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Any area of your home can develop mold, but some are much more common because they readily provide the perfect conditions. 

Mold loves dark, undisturbed areas. A few other things that mold needs to grow include moisture and a food source. Once these conditions are offered, a single mold spore can begin an entire colony. 

While you can practice mold prevention with high success, there is no fool-proof method for completely preventing mold in your home. While it may be obvious when mold is in your refrigerator, it’s not so easy to spot when it’s within your vents, under the carpet or within your insulation. 

Inspections are necessary to make sure there is no mold in any of these hard-to-see areas. 

Why Home Insulation Can Develop Mold 

Mold in your insulation is a huge inconvenience because it cannot be cleaned. The insulation must be removed and replaced in order to prevent the mold from spreading and making your family sick. This will require you to have the insulation removed, sometimes cutting a hole in the wall if there is no other access point. 

If this has you scared about mold getting into your insulation, you’re probably getting more interested by the minute about ways to prevent it. To do that, you first must understand how mold can get into your insulation in the first place. 

So why is insulation the perfect home for mold? 

The first few factors are things you already know, but let’s look at why they are even more crucial when they are in your walls and ceiling. 

  • Dark conditions are perfect for mold, since these areas of your home also tend to be fairly consistent in temperature. Absolutely nothing will hinder mold’s growth within your walls and ceiling as it feeds on insulation. In fact, the insulation makes even more tiny pockets for mold to hide. 
  • Food sources for mold are practically infinite. Within insulation, all types of particles can get trapped, including dust, hair and skin cells, and small organisms. Even the paper backing on the insulation itself can become a never-ending food source for a mold colony. Once mold gets into these areas, it’s impossible to control. 
  • Moisture is not inherently present in or around your insulation. It can be introduced in two ways. 

The first way moisture can be introduced into the insulation is that the insulation can get wet during installation. If it is raining or if the insulation is placed on a wet surface before insulation, there is a good chance mold will develop. 

The other scenario is that there is a water leak, either a roof leak or a plumbing issue, which results in water inside the walls where the insulation is installed. This, too, can become a breeding ground for mold and mildew.

The other condition that can cause mold to grow in your insulation is the insulation itself. No type of insulation — and no home, for that matter — is mold-proof. 

  • Cellulose insulation provides both moisture and food for mold. Mold feeds on anything organic, meaning that it is now or was once alive, including the paper backing on insulation. Cellulose insulation is fairly resistant to mold unless it gets wet, due to the high concentration of boric acid in it. Cellulose insulation also breaks apart when it is removed, so it’s hard to tell if you have removed all of the mold as well. 
  • Fiberglass insulation seems like the answer to the issues with cellulose, since fiberglass is literally small shards of glass — definitely not a food source for mold. However, the larger air pockets within fiberglass insulation can easily trap moisture and dust, providing mold with everything it needs.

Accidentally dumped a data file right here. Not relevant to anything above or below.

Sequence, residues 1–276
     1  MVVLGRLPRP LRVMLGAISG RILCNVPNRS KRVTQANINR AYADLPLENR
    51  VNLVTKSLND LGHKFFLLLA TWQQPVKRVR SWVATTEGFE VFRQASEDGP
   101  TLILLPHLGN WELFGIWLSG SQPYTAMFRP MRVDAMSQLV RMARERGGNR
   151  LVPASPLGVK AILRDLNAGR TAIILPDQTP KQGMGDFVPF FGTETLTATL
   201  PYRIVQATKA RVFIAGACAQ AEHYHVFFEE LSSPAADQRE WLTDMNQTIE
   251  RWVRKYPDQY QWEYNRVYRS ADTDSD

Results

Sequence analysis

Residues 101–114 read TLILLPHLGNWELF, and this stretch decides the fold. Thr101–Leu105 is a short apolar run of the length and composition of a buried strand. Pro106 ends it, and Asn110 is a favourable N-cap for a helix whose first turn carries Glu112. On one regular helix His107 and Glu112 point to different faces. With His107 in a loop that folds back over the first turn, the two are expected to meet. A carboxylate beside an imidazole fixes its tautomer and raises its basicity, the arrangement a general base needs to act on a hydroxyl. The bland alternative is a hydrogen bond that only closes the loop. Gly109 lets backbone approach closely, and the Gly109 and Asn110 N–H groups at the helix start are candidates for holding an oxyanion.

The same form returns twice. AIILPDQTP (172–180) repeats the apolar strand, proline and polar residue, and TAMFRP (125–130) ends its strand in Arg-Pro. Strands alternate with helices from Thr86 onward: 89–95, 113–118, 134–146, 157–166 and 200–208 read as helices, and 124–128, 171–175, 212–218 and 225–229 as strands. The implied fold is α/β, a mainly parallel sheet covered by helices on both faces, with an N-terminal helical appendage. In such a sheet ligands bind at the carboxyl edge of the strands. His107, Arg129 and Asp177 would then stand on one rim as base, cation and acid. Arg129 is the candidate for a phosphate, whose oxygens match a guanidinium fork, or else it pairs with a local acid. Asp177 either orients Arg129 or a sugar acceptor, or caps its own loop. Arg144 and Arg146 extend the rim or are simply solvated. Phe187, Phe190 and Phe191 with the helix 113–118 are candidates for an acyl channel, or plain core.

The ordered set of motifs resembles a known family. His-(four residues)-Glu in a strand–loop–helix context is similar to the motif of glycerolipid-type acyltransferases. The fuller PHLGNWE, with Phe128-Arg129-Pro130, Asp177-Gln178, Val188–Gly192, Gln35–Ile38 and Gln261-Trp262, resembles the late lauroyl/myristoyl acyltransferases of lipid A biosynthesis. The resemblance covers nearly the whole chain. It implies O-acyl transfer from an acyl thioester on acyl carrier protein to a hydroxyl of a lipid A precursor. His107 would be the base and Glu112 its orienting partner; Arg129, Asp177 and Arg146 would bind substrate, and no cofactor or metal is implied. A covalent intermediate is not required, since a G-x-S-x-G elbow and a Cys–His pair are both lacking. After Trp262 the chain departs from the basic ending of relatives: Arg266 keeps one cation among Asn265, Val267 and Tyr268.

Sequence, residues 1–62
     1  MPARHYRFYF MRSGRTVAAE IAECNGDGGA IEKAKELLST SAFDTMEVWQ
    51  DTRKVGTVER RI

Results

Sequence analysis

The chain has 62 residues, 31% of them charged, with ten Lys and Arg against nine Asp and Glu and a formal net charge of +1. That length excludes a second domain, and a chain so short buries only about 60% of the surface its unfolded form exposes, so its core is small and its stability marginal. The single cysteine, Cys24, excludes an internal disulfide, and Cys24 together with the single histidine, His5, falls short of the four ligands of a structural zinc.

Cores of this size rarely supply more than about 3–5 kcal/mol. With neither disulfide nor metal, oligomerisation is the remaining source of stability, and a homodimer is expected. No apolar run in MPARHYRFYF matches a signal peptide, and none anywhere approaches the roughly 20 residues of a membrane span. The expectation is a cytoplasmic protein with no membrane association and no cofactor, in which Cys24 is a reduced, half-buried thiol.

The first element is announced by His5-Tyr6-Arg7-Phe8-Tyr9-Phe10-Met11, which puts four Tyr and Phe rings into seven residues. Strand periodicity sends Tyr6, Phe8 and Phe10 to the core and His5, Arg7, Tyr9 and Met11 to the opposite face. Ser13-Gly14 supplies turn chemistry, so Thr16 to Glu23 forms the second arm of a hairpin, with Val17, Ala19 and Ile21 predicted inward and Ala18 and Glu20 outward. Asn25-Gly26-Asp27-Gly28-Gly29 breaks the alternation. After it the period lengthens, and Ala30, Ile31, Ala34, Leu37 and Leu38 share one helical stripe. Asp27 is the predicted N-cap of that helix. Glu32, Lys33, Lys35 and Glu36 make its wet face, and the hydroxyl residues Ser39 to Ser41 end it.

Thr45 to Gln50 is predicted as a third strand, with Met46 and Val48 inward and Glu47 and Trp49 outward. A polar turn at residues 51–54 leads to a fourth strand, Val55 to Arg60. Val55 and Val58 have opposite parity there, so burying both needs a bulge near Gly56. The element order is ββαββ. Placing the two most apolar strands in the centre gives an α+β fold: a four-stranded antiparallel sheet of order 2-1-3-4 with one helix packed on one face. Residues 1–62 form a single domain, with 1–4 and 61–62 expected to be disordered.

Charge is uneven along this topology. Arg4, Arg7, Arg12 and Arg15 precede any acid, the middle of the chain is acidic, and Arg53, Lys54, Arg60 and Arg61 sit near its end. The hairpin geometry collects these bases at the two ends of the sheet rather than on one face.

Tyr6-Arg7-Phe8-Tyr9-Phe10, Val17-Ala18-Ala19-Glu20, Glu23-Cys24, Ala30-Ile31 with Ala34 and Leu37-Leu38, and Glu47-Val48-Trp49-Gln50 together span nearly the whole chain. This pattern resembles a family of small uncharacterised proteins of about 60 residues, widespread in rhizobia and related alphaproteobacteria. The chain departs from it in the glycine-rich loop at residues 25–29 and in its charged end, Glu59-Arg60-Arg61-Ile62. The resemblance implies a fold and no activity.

Together, these elements create the perfect environment for mold in your insulation. And the fact that you’ll never be able to check for it gives the mold even more freedom to grow until you take action. 

Professional Mold Inspection & Removal

We recommend that you develop a relationship with a mold specialist like Pure Maintenance of St. Louis when you purchase or build a home. We can then partner with you to prevent mold in common and not-so-common areas of your home. 

Multi-layer strategies are the best bet for residential mold prevention. Here are a few steps you can take to prevent mold in your home: 

  • If you suspect mold in your home, you can do a basic inspection yourself in the most likely areas. But an in-depth inspection should always be carried out by a trained, certified professional. 
  • There is no substitute for professional mold inspection. Call Pure Maintenance of St. Louis and let us do a full home inspection. This will cover the areas that are never seen but can still harbor mold. 
  • Not only can a mold removal professional find mold anywhere in your home — including the insulation — but professionals can also remove it safely. Don’t take on a dangerous job like mold removal yourself. 

Mold remediation in some areas of your home may involve chemical and steam cleaning, but mold in your insulation will require the insulation to be taken out and replaced. Not only is it dangerous to handle insulation, but you have the added danger of mold spores being released as it comes out of the wall. Therefore, every safety procedure must be followed to ensure everyone’s safety during and after the removal. 

There may also be some cosmetic damage to your home where the insulation was removed. Your Pure Maintenance mold removal team may be able to make the necessary repairs once the removal is complete, or they might offer suggestions of residential contractors who can follow up immediately to restore your home. 

Insulation is one of the worst places for mold to develop because the removal process is so invasive, but it’s definitely not a job you want to put off. Hire Pure Maintenance of St. Louis for a mold inspection if your home has experienced any flooding or if a family member has mold allergy symptoms. 

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